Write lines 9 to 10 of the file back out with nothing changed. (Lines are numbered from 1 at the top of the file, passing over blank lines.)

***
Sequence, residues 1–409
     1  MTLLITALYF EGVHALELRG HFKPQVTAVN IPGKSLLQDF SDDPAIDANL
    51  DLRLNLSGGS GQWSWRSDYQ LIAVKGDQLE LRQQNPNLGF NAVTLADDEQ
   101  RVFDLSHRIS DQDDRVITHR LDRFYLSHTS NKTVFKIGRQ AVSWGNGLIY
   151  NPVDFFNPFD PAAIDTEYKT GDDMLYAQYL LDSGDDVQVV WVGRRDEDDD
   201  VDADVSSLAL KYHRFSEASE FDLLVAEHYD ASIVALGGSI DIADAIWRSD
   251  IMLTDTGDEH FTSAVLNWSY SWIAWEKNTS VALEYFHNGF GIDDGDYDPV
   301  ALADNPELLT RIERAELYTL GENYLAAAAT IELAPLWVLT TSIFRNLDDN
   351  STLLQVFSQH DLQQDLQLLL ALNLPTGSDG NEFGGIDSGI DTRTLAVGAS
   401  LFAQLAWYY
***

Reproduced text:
   351  STLLQVFSQH DLQQDLQLLL ALNLPTGSDG NEFGGIDSGI DTRTLAVGAS
   401  LFAQLAWYY